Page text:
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Seize First, Question Later: The IRS and Civil Forfeiture

February 2, 2015
By Dick M. Carpenter II and Larry Salzman

This study—conducted by Institute for Justice (IJ) researcher Dick M. Carpenter II and IJ attorney Larry Salzman —examines the use and abuse of civil asset forfeiture laws by the Internal Revenue Service (IRS).

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This study—conducted by Institute for Justice (IJ) researcher Dick M. Carpenter II and IJ attorney Larry Salzman —examines the use and abuse of civil asset forfeiture laws by the Internal Revenue Service (IRS). According to Carpenter and Salzman, “federal civil forfeiture laws give the Internal Revenue Service the power to clean out bank accounts without charging their owners with any crime.”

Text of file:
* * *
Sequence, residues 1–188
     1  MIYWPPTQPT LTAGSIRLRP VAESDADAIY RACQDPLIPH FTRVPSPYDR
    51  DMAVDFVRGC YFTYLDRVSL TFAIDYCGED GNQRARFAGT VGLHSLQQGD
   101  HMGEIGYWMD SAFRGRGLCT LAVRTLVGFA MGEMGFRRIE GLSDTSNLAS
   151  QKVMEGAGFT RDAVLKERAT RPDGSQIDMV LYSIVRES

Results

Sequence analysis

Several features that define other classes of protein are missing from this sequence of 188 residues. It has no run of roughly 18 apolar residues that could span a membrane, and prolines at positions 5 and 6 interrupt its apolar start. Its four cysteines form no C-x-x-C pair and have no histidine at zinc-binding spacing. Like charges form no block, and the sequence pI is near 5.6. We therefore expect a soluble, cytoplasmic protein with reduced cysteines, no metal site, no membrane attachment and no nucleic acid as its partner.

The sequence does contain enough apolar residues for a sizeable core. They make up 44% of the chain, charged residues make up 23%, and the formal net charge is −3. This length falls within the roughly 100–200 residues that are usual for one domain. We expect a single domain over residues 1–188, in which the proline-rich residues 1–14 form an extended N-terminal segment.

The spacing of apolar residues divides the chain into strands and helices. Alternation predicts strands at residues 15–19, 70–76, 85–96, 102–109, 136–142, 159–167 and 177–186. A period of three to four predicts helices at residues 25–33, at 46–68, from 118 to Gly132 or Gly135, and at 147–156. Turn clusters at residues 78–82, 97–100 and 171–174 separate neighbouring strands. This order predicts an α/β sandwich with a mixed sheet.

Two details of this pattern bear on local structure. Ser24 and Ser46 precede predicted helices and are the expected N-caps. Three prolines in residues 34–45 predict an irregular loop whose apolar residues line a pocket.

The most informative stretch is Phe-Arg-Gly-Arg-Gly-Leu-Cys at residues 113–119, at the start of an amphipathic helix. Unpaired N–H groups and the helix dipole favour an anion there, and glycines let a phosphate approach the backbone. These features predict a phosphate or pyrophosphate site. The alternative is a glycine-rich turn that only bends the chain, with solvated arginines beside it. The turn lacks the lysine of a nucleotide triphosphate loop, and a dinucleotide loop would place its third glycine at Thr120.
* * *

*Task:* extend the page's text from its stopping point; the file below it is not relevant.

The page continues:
Over the past decade, the IRS has pursued citizens on suspicion of evading bank reporting laws, a practice called “structuring.” However, the authors write, “at least a third of the IRS’s structuring-related seizures arose out of nothing more than a series of transactions under $10,000, with no other criminal activity, such as fraud, money laundering or smuggling, alleged by the government.”